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October 11, 1913


Author Affiliations


From the Department of Experimental Surgery of New York University and Bellevue Hospital Medical College.

JAMA. 1913;61(15):1339-1340. doi:10.1001/jama.1913.04350160001001

It is unnecessary, in a paper attempting to enlist interest in gastroscopy, to emphasize the frequency of cancer of the stomach and how rarely this disease is diagnosed in an early stage. Only one question presents itself for discussion. Is gastroscopy an efficient and practical method of viewing the interior of the stomach? By an efficient method is meant one which permits the details of the mucous membrane of a sufficient portion of the stomach to be seen clearly. By a practical method is meant one which is not dangerous and does not entail too much inconvenience or suffering on the part of the patient, and, perhaps, one which furnishes more information than other existing methods of objective examination.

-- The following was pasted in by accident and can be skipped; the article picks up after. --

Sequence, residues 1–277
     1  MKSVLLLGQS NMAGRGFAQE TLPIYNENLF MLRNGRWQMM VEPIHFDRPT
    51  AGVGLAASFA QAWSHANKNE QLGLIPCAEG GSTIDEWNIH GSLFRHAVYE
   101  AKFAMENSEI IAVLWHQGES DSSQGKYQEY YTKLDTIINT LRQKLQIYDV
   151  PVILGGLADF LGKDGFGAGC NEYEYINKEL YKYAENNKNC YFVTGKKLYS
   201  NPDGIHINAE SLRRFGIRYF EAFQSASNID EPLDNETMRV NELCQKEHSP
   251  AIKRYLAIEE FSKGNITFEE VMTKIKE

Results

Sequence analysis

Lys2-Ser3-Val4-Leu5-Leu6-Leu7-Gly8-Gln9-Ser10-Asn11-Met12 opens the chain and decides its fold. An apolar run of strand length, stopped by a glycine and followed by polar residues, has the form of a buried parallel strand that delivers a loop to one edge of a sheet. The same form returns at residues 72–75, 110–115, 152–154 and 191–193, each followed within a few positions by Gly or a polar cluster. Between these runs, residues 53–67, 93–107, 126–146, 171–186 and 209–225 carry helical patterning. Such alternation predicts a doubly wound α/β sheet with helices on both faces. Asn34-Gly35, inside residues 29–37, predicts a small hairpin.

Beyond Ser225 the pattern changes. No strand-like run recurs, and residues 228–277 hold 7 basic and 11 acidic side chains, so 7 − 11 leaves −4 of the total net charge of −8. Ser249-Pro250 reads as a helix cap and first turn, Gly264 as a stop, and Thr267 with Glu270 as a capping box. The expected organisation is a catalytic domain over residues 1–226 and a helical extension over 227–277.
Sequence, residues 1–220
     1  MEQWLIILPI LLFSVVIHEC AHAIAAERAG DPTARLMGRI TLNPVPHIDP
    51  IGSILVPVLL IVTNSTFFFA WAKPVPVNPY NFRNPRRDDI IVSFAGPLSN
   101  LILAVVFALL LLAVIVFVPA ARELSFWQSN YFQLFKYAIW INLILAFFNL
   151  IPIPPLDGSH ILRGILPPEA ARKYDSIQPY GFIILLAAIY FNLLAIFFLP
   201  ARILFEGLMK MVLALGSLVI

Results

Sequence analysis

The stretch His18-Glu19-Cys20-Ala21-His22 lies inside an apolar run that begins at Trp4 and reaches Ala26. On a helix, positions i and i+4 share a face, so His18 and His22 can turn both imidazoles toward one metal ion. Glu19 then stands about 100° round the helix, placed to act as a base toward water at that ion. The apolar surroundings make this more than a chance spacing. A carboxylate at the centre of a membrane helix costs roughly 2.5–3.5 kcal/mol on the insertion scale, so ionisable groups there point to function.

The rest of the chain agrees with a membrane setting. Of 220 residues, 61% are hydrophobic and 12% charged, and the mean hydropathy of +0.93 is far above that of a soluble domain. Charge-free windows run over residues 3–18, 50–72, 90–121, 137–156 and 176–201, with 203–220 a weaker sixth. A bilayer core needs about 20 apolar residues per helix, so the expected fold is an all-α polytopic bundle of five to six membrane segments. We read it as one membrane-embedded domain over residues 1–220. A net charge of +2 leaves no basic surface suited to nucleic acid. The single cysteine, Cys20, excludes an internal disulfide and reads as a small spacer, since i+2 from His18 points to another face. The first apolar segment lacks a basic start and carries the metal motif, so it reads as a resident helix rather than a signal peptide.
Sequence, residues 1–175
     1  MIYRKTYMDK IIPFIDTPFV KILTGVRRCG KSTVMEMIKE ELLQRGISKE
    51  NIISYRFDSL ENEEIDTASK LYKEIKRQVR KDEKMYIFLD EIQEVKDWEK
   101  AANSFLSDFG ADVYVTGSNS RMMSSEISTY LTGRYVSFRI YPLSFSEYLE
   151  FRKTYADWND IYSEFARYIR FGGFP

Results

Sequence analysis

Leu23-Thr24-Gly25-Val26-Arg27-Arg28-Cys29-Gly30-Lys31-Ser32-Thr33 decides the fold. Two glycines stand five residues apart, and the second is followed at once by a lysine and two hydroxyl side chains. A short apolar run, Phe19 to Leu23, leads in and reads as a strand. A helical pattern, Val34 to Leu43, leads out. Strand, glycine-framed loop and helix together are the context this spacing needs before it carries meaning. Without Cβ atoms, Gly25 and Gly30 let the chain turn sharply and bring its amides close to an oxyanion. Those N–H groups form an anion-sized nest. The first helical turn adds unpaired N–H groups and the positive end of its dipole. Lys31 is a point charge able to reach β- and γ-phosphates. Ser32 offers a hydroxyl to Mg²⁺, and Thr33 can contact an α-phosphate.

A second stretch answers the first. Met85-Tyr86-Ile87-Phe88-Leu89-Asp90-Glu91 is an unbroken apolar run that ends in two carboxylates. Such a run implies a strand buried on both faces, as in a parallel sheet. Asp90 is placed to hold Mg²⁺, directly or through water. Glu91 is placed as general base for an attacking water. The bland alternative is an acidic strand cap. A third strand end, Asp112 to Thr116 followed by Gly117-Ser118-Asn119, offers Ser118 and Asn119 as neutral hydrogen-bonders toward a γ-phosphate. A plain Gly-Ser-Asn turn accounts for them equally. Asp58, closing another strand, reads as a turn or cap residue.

No one, for instance, would question the value of inspecting the interior of the stomach or the obligation which rested on the physician of insisting that patients with new gastric symptoms

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